Is your child afraid of dental visits? If we want our children to be healthy, keeping their teeth clean and cavity free is an important part of that. However, dental visits can be challenging if your child gets anxiety at the very mention of a dental appointment.
Going to dentist need not be inherently scary. However, most kids don’t like being told to sit still, and sitting in a big chair and being tipped backward with a bright light shining in their face is enough to make most kids squeamish and even induce tears.
So how can we help them calm those fears and even look forward to a dental visit? Here are a few helpful tips to help your child’s next dental visit go a little more smoothly.
The first tip is a simple one. If your dentist already has a lot of experience in working with children, they will be much better qualified to provide service that caters to them and keeps their unique fears in mind.
Pediatric dentists also have two or three years of additional academic training on top of their years in dental school that train them how to treat children and their fears.
These dentists usually have kid friendly offices with prizes or treats for kids who successfully sit through a dental appointment, and even sunglasses to help dim the brightness of overhead exam lights. They may even have fluffy stuffed animals to comfort the kids during exams. For older children, incentive clubs are a great way to keep them motivated about their dental health.
According to the American Academy of Pediatric Dentistry, an excellent way to minimize anxiety for children is to start regular dental visits before a problem like a cavity develops.
Not only does starting early with dental appointments help your child to get used to the idea of seeing a dentist, but it also helps to minimize the chance of cavities forming early on. Finding cavities early mans shorter appointments and fewer dental bills. Getting your child used to regular visits can really help avoid complex and expensive treatments later.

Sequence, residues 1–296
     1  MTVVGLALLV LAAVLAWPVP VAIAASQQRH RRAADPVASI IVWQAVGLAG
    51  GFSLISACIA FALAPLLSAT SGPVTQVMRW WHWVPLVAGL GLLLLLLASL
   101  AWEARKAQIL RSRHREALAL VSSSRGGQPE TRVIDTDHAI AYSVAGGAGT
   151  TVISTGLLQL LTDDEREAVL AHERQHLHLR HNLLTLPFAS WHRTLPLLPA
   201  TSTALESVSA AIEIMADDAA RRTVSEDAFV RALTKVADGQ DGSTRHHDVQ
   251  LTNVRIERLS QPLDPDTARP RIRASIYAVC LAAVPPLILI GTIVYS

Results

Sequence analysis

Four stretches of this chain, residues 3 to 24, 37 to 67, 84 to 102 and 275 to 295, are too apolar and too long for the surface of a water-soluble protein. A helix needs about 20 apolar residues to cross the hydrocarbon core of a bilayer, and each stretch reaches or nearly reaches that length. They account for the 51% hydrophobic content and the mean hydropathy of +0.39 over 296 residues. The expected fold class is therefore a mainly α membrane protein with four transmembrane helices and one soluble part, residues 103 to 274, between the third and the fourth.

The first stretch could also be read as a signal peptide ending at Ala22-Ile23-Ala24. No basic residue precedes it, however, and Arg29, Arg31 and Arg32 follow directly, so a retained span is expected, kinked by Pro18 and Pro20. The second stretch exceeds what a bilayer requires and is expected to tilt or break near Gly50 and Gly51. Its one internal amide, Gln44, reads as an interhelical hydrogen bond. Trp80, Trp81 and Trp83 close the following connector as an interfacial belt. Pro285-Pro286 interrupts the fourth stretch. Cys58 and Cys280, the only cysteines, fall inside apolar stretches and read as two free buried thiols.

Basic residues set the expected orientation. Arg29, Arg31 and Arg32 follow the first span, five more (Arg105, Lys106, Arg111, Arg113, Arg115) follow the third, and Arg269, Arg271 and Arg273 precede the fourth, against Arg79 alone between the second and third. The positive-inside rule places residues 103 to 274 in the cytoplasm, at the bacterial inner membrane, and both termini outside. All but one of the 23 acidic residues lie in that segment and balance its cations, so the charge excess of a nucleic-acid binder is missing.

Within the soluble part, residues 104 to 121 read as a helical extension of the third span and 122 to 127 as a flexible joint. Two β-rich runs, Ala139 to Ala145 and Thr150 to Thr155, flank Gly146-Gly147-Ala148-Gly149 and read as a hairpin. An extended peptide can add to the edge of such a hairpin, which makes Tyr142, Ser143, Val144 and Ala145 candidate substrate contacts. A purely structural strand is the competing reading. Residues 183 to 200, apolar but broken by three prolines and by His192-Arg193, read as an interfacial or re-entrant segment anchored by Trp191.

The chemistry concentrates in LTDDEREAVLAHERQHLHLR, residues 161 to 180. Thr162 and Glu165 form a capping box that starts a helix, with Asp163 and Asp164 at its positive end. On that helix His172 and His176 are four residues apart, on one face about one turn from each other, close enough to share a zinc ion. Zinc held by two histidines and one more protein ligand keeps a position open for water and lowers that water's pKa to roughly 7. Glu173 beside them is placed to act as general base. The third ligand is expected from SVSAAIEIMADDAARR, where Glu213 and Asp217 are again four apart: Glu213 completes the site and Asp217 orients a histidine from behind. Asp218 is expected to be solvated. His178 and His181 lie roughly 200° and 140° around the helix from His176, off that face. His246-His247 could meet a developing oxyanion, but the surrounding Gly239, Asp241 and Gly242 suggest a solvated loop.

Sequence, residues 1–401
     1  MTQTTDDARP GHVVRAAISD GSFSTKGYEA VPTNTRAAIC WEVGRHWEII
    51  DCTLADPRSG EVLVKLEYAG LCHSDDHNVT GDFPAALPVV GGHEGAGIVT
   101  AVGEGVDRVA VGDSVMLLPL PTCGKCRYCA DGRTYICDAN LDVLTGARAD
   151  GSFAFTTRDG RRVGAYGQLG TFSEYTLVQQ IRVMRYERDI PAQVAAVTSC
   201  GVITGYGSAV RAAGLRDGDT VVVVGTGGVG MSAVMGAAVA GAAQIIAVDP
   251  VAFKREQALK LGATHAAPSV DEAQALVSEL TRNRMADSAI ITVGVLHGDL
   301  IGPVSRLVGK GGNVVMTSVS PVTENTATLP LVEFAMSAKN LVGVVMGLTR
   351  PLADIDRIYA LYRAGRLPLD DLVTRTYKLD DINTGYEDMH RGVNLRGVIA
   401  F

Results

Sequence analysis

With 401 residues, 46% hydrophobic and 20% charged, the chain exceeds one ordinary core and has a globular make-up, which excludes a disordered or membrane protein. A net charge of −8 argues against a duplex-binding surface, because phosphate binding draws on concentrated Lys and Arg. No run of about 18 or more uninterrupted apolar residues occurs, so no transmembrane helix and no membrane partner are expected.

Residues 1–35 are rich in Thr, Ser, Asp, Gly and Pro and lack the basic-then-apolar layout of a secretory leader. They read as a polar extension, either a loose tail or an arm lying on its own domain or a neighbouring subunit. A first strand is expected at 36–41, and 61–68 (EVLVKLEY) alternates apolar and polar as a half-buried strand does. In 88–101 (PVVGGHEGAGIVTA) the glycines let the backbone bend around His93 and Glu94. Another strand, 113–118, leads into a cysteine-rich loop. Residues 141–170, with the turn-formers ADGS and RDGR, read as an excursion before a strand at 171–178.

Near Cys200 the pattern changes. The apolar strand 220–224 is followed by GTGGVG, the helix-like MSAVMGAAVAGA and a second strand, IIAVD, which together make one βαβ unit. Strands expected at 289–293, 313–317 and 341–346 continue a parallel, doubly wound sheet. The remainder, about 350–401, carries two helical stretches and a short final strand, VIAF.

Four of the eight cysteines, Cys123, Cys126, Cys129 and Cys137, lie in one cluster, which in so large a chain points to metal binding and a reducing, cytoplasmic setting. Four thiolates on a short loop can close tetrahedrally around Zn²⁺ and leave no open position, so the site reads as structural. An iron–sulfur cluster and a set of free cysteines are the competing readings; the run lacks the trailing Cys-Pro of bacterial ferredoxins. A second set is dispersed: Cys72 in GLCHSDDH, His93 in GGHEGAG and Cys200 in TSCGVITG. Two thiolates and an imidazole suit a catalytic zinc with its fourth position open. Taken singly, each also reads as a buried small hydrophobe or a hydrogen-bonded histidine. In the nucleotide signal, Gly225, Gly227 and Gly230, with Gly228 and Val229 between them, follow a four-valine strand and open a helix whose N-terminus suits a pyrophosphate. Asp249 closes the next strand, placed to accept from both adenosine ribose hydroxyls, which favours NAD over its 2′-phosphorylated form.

By bringing in your child to meet their future dentist before their actual first appointment, you give them a chance to establish a relationship with him or her outside the context of an exam. Your child will not be frightened by the idea of a “stranger” working on their teeth and will likely feel more comfortable with a “family friend” working on them instead.
Just having that aspect of familiarity can really help take the edge off a potentially scary dental visit for your child.
Whenever going through a new or frightening experience, it can help to have a parent nearby with a hand to hold and a soothing voice. Some dentists may even allow the child to sit on a parent’s lap during some parts of the appointment. This can make a tremendous difference in the outcome of the visit.
Your child will probably find the sound of your voice soothing and it may help to distract them from the dental work. However, many dentists recommend allowing the dentist to make small talk with the child during the appointment, as this will help them to develop trust and make future appointments easier. However, don’t be tempted to start asking the dentist questions yourself during the appointment. Save those for afterwards so the dentist can focus on your child.
It might go without saying, but the dental hygienist is the one who does most of the work during a dental cleaning visit. Therefore, for each of the tips suggested above, the hygienist applies as well. It is important to help your child build familiarity with their dental hygienist. The best way to do this is to ensure they have the same dental hygienist each time, and let them get to know their hygienist ahead of time so they feel more comfortable when the time comes for their dental appointment.
Some dental offices may have a TV overhead to play kid friendly shows or movies to keep kids distracted during their appointments. In other cases, you may be able to allow your child to wear headphones or earbuds to listen to their favorite music or movie.
Your child can sense if you are afraid or concerned, and it will be reflected in the way they feel. If you are showing any trepidation or misgivings about seeing the dentist at all, your child will likely pick up on those fears and magnify them. Avoid scary words like “pain,” “afraid,” or “worry,” to help your child not fear dental appointments and even look forward to them.
Hopefully these tips will help make a difference in the way your child thinks about and experiences dental appointments for years to come and leads to a positive relationship both with their dentist and dental hygienist and dental care altogether.
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